- War triggers drastic change in both the brother who stayed home and the brother who went to fight.
If you're trying to navigate the gulf between the absolutist view inside Fortress Bush and the relativist politics of Western Europe, you need go no further than Brothers, a provocative new drama from Denmark. Superficially, it's an intimate and rather self-contained film, but director Susanne Bier (Open Hearts, The One and Only) asks some big questions about love, war, and conscience.
The scaffolding of the film is a sibling rivalry. The older brother, Michael (Ulrich Thomsen), is a dutiful army officer and family man who lives in Copenhagen with his lovely wife, Sarah (Gladiator star Connie Nielsen), and two young daughters. The younger brother, Jannik (Nikolaj Lie Kaas), is a sullen outlaw type who's just been released from prison after doing time for assaulting a woman. Where Michael is sensible and controlled, Jannik is reckless and irresponsible.
No sooner does Jannik get out of jail than Michael is shipped off to fight in Afghanistan, confident in his training and buoyed by the belief that he's doing the right thing. Then, catastrophe. Michael's helicopter is shot down, and military authorities conclude that everyone aboard has been killed. Why, in the absence of bodies, these soldiers are not listed as missing in action is a question only Bier and screenwriter Anders Thomas Jensen can answer. But for the purposes of their plot, Michael's parents, his grieving widow, her children, and her troubled brother-in-law endure a memorial service and start trying to cope.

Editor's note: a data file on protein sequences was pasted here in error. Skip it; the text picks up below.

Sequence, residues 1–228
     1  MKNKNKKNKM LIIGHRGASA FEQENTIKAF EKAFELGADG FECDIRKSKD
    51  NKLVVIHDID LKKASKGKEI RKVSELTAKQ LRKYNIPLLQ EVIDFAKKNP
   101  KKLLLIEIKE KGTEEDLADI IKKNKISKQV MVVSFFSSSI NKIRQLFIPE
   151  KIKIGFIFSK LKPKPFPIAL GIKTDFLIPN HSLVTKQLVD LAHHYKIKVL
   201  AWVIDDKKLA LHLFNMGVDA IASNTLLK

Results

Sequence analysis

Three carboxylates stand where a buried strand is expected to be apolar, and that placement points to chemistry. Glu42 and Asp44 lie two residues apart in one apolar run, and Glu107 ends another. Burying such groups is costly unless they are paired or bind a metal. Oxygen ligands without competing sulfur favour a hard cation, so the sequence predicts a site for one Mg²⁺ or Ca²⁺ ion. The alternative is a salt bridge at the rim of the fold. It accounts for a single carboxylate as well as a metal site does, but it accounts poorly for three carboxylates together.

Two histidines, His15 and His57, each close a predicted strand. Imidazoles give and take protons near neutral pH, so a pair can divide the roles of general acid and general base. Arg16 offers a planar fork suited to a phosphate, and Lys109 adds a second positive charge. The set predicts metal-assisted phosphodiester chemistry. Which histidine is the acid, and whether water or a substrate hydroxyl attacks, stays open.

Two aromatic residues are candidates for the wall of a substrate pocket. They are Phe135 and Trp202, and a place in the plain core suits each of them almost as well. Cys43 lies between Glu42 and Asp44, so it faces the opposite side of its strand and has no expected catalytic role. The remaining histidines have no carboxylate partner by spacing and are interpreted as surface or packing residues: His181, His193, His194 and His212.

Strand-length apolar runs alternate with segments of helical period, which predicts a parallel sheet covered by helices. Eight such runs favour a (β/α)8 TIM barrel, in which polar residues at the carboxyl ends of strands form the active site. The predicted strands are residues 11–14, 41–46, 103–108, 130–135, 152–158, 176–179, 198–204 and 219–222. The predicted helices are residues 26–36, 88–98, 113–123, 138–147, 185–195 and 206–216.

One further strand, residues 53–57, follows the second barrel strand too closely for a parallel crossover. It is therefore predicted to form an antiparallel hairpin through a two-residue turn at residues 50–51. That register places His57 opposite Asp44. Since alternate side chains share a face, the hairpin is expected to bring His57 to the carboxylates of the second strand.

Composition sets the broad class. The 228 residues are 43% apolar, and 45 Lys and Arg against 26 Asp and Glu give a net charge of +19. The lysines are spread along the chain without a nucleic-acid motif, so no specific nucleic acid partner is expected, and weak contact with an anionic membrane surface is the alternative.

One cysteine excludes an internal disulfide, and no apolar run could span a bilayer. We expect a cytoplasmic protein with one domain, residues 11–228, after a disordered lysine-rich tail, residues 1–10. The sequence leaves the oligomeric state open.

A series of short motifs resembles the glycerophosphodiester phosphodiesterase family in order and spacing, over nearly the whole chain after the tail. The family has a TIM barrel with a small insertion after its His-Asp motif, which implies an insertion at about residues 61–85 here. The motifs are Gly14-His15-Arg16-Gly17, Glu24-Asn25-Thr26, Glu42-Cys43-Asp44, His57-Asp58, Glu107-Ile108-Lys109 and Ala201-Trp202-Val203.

Jannik's adjustment is more like a personal reinvention. His stern, stricken father (Bent Mejding) still disapproves of him, but the troubled younger son helps remodel Sarah's kitchen. He entertains his nieces. Offscreen, he apologizes to the still-traumatized woman he attacked. In what they both see as an expression of mutual sorrow, Jannik and Sarah share a kiss. What no one knows, of course, is that Michael is alive in a Taliban prison camp and that he's about to return home a changed man -- an angry, disturbed man much more like the pre-redemptive Jannik than the upright husband and father he once was.
What happened to Michael in Afghanistan? The prison-camp scenes are harrowing, and the turning point comes when the captured officer has to make a hard choice. From that the entire moral scope of the film radiates. Tormented by his secret, Michael becomes a vessel for several burning questions about war and responsibility -- and if answers don't come easily, so much the better.
In its second half, Brothers' psychological tension grows very keen. Michael's transformation from a bourgeois drone into a violent paranoiac threatens to shatter his family and drive him insane: It also raises all kinds of issues about mission, duty, and the demands of love in a world where the certainties of absolutism are forever colliding with questions of moral judgment. Beautifully acted and disturbing to its core, Brothers addresses those collisions with grace and intelligence.